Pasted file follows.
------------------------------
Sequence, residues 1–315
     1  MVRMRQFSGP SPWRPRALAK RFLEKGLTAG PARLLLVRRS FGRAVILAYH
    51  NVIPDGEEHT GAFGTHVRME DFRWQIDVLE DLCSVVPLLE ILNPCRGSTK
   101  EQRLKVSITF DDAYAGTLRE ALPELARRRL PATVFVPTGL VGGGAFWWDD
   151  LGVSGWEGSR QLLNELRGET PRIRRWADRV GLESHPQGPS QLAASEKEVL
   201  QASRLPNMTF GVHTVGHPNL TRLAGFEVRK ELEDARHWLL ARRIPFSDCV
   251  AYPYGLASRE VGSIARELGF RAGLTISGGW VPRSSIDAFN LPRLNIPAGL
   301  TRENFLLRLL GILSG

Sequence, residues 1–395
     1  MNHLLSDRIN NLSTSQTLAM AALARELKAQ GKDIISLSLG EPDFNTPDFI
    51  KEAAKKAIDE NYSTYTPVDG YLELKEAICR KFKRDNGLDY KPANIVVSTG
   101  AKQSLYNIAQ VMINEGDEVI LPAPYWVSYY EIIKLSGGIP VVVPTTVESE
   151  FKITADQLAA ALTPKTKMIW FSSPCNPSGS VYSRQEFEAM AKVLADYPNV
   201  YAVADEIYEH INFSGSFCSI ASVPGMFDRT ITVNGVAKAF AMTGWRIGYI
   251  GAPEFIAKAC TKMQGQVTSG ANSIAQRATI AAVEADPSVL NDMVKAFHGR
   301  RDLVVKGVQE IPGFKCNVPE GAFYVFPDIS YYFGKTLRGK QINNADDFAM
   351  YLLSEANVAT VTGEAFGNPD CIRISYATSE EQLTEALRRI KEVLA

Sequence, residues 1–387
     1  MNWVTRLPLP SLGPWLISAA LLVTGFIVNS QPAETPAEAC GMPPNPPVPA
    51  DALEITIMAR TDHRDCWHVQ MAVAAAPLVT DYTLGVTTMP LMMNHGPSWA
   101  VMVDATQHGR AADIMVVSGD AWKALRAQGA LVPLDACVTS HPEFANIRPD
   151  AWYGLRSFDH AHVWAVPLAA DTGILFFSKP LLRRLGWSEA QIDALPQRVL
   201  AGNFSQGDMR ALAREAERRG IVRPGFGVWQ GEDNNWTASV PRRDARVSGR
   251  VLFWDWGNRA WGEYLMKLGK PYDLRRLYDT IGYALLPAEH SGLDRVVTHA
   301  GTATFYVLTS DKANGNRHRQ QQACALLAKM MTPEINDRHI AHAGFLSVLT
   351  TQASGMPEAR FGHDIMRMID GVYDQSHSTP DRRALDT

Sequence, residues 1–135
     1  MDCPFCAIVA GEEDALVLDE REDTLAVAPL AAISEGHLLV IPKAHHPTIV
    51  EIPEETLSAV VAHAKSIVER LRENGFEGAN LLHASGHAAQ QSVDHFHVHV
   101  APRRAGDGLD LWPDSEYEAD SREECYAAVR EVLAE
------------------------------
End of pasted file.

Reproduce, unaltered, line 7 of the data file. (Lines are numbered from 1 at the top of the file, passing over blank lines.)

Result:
   251  AYPYGLASRE VGSIARELGF RAGLTISGGW VPRSSIDAFN LPRLNIPAGL